The threat of worldwide IPv4 address exhaustion has been on the horizon for quite some time now. The final blocks of globally accessible addresses are being sold to the highest bidder while entire countries and businesses are looking at IPv6 to solve their Internet connectivity needs. Even though 4.3 billion seems like a large number, which is the approximate number of addresses that IPv4 can accommodate, the exponential growth of Internet enabled devices has quickly whittled that number away. When Marist originally requested IPv4 address space from American Registry for Internet Numbers (ARIN) a class “B” (/16) address pool was assigned, which provides around 65,536 globally accessible addresses. While Marist has not exhausted its supply of IPv4 addresses, communicating with IPv6 addresses becomes problematic and cumbersome without native IPv6 connectivity. Without native IPv6 connectivity Marist would be unable to communicate with devices on the IPv6 Internet in a scalable and manageable fashion. As the IPv6 movement started gaining momentum we began working to ensure that Marist would be able to emerge as an early adaptor and support IPv6. Last year the Internet Society deemed June 8th, 2011 as the first "World IPv6 Day" in which Marist was able to participate. Marist obtained native IPv6 connectivity through our Internet2 provider New York State Education & Research Network (NYSERNet) and we had an IPv6 enabled Website that was globally accessible only by others running IPv6. Traditionally Internet2 is not for “commercial” traffic and is dedicated solely for research and education. However, NYSERNet allowed us to have commercial IPv6 traffic traverse their network in order to promote IPv6 usage and awareness. World IPv6 day was used as a trial run to check compatibility with various end devices. Prior to World IPv6 day Marist had already implemented IPv6 on our guest wireless network which was used during the New York State Chief Information Officer (NYSCIO) 2011 conference.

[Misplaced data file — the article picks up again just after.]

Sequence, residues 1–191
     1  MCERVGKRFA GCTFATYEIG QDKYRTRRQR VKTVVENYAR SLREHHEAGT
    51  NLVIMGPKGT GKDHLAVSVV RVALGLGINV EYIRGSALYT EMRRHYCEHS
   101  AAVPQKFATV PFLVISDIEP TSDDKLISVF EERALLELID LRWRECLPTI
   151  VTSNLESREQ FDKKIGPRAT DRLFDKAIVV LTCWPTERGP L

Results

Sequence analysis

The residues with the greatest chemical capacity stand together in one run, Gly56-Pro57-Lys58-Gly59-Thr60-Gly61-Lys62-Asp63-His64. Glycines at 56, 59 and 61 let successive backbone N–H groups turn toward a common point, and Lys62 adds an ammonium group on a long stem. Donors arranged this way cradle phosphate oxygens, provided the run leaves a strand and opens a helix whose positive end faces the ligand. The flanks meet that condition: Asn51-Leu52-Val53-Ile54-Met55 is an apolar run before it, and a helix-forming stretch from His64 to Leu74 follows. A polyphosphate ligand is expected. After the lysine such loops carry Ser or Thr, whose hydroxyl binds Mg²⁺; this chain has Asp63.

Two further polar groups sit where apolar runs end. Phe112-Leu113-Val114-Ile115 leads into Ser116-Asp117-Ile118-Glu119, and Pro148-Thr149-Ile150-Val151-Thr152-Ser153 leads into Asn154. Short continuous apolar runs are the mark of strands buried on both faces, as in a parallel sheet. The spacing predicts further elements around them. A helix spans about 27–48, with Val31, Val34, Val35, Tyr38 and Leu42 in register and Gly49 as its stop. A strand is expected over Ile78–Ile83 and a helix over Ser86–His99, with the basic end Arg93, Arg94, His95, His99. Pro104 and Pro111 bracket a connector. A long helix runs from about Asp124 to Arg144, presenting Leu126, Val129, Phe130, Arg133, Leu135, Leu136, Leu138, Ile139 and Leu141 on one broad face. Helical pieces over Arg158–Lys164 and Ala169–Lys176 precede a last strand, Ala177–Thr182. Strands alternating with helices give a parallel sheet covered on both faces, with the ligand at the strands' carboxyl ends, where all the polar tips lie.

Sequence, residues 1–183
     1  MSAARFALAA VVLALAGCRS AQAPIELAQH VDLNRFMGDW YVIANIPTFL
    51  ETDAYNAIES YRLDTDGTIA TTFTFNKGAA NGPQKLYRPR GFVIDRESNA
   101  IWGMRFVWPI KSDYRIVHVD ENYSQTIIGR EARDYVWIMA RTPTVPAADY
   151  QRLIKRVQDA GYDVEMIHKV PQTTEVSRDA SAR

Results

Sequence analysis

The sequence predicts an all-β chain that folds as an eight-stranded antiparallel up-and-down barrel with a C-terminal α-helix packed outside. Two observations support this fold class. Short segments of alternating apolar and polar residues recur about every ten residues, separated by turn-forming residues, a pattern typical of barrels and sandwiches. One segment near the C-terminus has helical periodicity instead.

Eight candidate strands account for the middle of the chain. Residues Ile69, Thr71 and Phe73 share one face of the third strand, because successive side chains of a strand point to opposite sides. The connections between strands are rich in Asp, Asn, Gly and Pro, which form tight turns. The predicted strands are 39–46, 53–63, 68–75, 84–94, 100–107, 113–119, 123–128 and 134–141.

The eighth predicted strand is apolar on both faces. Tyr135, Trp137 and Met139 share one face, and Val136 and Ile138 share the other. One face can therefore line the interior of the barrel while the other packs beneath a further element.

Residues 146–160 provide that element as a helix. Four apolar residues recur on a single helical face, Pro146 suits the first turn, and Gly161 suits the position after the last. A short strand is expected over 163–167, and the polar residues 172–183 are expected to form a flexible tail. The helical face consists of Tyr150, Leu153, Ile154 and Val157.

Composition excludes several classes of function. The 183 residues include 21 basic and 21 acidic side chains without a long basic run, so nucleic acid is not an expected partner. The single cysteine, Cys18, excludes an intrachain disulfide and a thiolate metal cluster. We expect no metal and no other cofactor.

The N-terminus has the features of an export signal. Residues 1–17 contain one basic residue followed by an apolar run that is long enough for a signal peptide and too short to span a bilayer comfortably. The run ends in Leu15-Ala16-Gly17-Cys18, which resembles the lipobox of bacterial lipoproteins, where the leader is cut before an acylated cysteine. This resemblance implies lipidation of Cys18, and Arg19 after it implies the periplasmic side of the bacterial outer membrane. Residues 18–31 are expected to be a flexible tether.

Since the adoption of IPv6 at Marist, we have also been reaching out to our commodity Internet provider to inquire about their IPv6 plans. Their roadmap did not show IPv6 being rolled out across their network in the immediate future however they told us it was eventually coming. Recently our Internet Service Provider (ISP) (Lightower) informed us that they had just finished their IPv6 configuration and were ready to begin beta testing IPv6 connectivity with their customers. Marist is proud to announce that we are our ISP's FIRST IPv6 customer to peer with them using the BGP routing protocol. This protocol is what allows us to dynamically send and receive routing information on the Internet. Our BGP peering and configuration with our commodity Internet ISP was finalized in February. With the foundation in place we are now able to move at our own pace to achieve campus wide deployment. Our ISP has also mentioned how pleased they are to have such a large customer ready, willing, and able to help put IPv6 through its paces.